It’s Been A Bad Week For Inclusion In Tech

“We love women, but we only hire men” is a norm that needs immediate change in tech culture.

It’s been a bad week for inclusion in tech. One of Google’s engineers wrote a manifesto with the misguided notion that women can’t do tech for “biological” reasons, such as being prone to anxiety disorders. While Google took initiative and fired the employee, sexual harassment and unfounded bias abounds in Silicon Valley. With such caustic sentiments voiced within the company, it’s not a surprise that Google has not made much progress on its diversity goals even after a promise to focus on inclusion, with only 19% of its workforce being women and only 2% African American.

Also this past week, tech-focused Wired magazine was called out by journalist Christie Aschwanden on Twitter for publishing yet another issue in which the feature stories were written by men. That’s nothing new, but in this one the editor thanks the women who help get Wired to print in a ridiculous thank you note to “token” female leaders: Michelle Obama, Ruth Bader Ginsburg—even the “moms” working at the local Vietnamese sandwich shop. It’s great to recognize that women participate in the world around us, but it’s unacceptable to offer empty, offensive platitudes.

We love women, but we only hire men” is a norm that needs immediate change in tech culture.

It’s not as if women don’t make tech or don’t like to write about it: Cisco, Flickr, and Slideshare were founded by women. Great sites like Boing Boing were co-founded by women. Well known blogs such as the Women of Silicon ValleyWomen Love Tech, and She Geeks show that thoughtful female tech influencers are out there looking to be heard. And you wouldn’t have car heaters, Kevlar, electric refrigerators, or code compilers without women inventors.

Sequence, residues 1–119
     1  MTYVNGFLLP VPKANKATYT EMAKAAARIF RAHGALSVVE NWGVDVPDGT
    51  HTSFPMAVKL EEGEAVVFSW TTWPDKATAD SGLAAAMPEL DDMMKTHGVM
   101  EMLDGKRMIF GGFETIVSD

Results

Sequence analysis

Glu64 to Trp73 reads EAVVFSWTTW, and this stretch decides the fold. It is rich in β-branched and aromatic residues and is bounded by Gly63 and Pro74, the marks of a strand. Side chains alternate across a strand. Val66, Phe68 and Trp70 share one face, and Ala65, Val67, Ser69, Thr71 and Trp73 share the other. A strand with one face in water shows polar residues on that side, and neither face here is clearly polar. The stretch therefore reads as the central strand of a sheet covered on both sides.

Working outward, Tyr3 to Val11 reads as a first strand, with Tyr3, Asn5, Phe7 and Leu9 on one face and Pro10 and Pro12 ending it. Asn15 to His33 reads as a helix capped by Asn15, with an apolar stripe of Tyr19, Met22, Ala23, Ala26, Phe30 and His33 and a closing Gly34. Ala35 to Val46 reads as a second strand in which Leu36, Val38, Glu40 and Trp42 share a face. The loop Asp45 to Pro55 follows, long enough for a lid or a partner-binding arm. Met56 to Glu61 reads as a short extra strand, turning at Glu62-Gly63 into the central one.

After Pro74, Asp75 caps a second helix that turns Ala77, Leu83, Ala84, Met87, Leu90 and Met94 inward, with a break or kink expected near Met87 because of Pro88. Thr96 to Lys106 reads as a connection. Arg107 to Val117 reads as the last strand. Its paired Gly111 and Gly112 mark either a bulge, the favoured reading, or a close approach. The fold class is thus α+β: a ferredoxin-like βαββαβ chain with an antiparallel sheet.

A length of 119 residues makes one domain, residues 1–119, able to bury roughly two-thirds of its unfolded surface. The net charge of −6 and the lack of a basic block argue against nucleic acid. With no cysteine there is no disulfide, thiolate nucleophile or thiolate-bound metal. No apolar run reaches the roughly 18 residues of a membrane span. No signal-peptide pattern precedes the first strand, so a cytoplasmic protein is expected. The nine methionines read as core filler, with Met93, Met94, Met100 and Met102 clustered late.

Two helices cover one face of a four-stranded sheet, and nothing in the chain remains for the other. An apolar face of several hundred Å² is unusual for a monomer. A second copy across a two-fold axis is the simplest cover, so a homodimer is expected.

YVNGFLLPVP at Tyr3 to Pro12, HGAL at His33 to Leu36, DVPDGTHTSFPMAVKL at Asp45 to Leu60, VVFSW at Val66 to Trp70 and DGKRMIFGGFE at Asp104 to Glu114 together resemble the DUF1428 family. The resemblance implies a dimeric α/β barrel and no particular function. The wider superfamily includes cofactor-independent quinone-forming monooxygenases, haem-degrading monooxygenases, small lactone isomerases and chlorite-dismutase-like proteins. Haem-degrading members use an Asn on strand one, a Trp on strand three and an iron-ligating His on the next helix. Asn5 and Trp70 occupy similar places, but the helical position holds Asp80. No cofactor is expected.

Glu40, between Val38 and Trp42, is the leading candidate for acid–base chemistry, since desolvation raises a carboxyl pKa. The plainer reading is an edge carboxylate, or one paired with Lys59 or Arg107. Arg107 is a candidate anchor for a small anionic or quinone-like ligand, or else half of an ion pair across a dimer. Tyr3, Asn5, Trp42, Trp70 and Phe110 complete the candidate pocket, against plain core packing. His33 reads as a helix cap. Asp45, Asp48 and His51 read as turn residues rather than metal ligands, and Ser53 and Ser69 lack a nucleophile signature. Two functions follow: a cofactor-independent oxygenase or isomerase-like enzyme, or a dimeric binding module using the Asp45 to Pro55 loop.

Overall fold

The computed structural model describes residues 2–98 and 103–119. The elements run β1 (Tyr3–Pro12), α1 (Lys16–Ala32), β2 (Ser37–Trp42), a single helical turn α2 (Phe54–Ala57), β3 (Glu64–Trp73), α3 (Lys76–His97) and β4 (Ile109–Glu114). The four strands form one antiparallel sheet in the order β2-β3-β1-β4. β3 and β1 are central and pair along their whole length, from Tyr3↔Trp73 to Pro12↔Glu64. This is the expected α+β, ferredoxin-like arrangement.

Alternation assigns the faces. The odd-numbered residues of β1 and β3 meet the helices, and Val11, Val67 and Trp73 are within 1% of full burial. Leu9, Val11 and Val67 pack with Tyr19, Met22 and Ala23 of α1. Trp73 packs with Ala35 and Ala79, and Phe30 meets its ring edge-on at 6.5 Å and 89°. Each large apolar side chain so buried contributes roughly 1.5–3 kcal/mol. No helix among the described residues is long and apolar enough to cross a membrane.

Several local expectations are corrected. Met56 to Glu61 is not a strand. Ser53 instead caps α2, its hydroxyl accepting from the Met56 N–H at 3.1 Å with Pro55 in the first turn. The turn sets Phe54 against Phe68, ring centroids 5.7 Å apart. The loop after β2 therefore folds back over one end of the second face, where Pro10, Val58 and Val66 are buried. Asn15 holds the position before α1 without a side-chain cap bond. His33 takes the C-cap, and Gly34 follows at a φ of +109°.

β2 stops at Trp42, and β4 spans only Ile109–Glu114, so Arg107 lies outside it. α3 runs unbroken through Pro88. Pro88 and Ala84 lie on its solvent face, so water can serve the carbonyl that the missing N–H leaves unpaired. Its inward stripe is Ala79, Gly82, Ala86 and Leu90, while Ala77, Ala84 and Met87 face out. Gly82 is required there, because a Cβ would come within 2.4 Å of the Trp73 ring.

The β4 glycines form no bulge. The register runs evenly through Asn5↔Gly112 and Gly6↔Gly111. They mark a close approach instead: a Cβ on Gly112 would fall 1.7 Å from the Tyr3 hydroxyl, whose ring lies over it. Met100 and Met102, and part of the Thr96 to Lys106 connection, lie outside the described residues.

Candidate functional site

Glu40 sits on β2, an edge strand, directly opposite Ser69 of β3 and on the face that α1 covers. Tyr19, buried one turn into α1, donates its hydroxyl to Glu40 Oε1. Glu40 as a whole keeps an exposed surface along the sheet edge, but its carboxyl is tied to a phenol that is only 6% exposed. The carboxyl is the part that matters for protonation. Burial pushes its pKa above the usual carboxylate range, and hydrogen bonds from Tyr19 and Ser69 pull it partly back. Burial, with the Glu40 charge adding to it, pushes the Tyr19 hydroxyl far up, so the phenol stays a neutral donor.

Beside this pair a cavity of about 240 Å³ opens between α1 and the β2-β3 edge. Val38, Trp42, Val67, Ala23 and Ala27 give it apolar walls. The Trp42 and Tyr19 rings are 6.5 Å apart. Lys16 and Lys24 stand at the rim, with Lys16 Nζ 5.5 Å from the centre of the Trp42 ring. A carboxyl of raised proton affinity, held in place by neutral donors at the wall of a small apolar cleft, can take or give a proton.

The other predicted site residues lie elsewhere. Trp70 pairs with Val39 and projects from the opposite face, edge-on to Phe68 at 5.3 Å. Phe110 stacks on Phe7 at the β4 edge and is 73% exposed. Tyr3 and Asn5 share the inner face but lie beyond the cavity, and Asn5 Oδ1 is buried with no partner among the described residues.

For women in tech, often leadership means going around the establishment. I started my own publishing house when game publishers—even of old-fashioned board games—wouldn’t publish my game, because it was too “feminine” and “activist”—assumptions not based on playing the game itself, but talking to the inventor. Women leaders in the games and tech space are often forced outside established venues and do it on their own. Heck, it was even suggested that I change my name to a man’s name to be more competitive on paper.

Sad advice, made particularly sadder because of the grain of truth. Little has changed since 1980s psychology experiments on bias, where evaluating one’s reputation through such things like resumes is skewed toward men. A recent study by a Skidmore professor found that identical resumes for a lab manager position were judged very differently depending on if it bore a man’s name or a woman’s.

We’ve got equity issues in gaming, too. Although 41% of all game players are women, only about 23% of game industry professionals are women. Most of those working in the game industry are white, straight, childless, and able-bodied.

Much attention has focused on the gender gap in Silicon Valley, both in funding and venture capital and in the actual work of making software. The game industry is no exception in needing tech expertise. By 2018, 1.4 million computing jobs will have opened in the U.S. but only 29% of those are going to be able to be filled by qualified people.

This perception that there “just aren’t enough qualified women,” however is patently false. Persistent social biases, coupled with unconnected social networks that tie successful men and women in the field together, and the neglect in seeing the incredible value of diversity are key reasons that get in the way of noticing qualified and talented female writers, artists, and scientists who stand right before our eyes. It’s a “perceptual gender gap,” and it starts early.

A repeated argument across all of these cases is that “there are no women” in a given field to hire, to read, to include. The same argument is used for people of color, or any other “different” group. But thankfully, difference is the new normal. So it’s time to catch up.

Enough clichés. We love women, so let’s hire them and pay them equally. Now.

Support clubs like Girls Who Code and Black Girls Code, who encourage girls’ engagement at a young age. Boards can help set norms and role models by prioritizing diversity, if only for their own profits. Also—to the male leaders out there. Have more daughters! Researchers have found that parenting more daughters leads to more female hiring, and better deal making.

If we really want to innovate, we need to think broadly about whose minds we are hiring, and go for teams who approach things with different perspectives. Innovation should be revolutionary. It therefore will sometimes be uncomfortable and unfamiliar. That’s where the excitement comes from.

Mary Flanagan is the Fairchild Distinguished Professor of Digital Humanities at Dartmouth College and runs the research lab. She also founded the publishing company Resonym.

Other Links: